Murlidhar Devidas Amte popularly known as Baba Amte was born to an affluent Hindu Brahmin family on the 26th of December 1914 in Hinganghat, Wardha.
As a young boy, he enjoyed all the privileges that came with his family’s wealth. However, at a very young age he became aware of the plight of the poor and the marginalised and often felt that he should do something to end this injustice.
Once, during Diwali he encountered a blind beggar and emptied his pocket full of coins into his begging bowl. The beggar, feeling the weight thought as though he was being made a fool of and exclaimed “I am only a beggar young sir, don’t put stones in my bowl”, to which the boy responded “They’re coins, not stones. Count them if you wish.”
This incident left a deep, lasting impact on the boy. The idea that such misery could exist so close to his perfect world hit him hard. He regularly played witht the servants’ children despite his father’s disapproval. The rigidity that existed in his father’s world didn’t appeal to him at all. He didn’t understand why people manufactured so many ways to divide themselves.
He wished to become a doctor but was forced to become a lawyer by his father. He wanted his son to handle the family estate. For a while, Baba took to the life of an idyllic, wealthy young man very well. He spent his days horse riding, hunting and playing games of bridge and tennis at the local club. His car was decorated with the fur of the leopard he had shot. He was living an enviable life of the rich and privileged that only the fortunate get a chance to live.
But underneath this extravagance, he was restless. He felt as though he must serve a bigger purpose in the world. He began to help and volunteer wherever possible and also became involved with the freedom struggle. He was deeply influenced by greats like Tagore, Gandhi and Sane Guruji. He also started working as a waste carrier to experience the hardships they experienced. During this time, he encountered a sight that would change his life forever -
" A man in the last stage of leprosy. A rotting mass of human flesh with two holes in place of a nose, without traces of fingers or toes, with worms and sores where there should have been eyes. Literally a living corpse."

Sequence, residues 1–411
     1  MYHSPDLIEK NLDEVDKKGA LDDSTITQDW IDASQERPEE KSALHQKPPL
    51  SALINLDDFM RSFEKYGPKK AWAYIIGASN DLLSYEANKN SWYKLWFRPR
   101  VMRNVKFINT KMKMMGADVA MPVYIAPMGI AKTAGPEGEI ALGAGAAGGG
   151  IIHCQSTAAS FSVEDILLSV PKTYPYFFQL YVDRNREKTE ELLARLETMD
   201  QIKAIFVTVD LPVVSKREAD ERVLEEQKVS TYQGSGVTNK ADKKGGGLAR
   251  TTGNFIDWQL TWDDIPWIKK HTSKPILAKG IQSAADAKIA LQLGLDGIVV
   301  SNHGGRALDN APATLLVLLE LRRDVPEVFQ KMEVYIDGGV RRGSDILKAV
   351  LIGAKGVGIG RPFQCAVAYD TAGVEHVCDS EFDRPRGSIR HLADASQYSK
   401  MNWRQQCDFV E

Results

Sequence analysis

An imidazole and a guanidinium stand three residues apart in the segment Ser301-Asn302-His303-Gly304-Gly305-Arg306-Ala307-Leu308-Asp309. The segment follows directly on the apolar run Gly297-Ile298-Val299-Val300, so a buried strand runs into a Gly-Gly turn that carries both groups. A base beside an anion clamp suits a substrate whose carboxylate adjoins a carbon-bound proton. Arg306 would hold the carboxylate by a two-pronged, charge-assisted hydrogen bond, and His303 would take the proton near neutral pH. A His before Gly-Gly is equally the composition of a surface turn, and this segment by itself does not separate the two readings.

He ran away, terrified of the infection and of the sight he had seen. He had always thought of himself as being fearless and daring. The encounter with Tulshiram (the leprosy afflicted man) shattered his self-image. Even as he cared for the dying man this fear would not leave him.
"I had never been frightened of anything. Because I fought British tommies to save the honour of an Indian lady, Gandhiji called me 'Abhay Sadhak', fearless seeker of the truth. When the sweepers of Warora challenged me to clean the gutters, I did so; but the same person quivered in fright when he saw the living corpse of Tulshiram."
For the next 6 months he lived in the unrelenting agony of this crisis. He was certain "where there is fear, there is no love, and where there is no love, there is no God." There seemed only one way of overcoming this problem. He must live and work with the leprosy afflicted.
Baba Amte decided to take up the cause of serving leprosy patients for the very reason that he felt disgusted to be a part of a society that was so dispassionate towards the plight of such downtrodden human beings. He regarded this apathy as 'Mental Leprosy' by aptly quoting that the most frightening disease is not losing one’s limbs, but losing one’s strength to feel kindness and compassion for other human beings.
Maharogi Sewa Samiti, Warora (Leprosy Service Society) was established with the intention of treating leprosy patients and for society afflicted by mental leprosy.Baba chose to call this paradise 'Anandwan', meaning 'Forest of Bliss'.
Baba Amte knew that simply curing the disease wasn’t enough. It was important to create a self-sufficient, productive society made of these social outcasts. Starting with agriculture and expanding to various small and medium scale industries right from textiles to wood work, MSS, Warora has grown into the productive haven of Baba's dreams.
Established in 1949 with Rs.14, 6 leprosy patients and a lame cow, MSS, Warora has spread its work all over Maharashtra and many organizations have taken inspiration from Baba’s work and are working for the downtrodden across the country and even the entire world. The impact Baba Amte had across the world is immeasurable and a soul like his is a rare gem the world was lucky to have.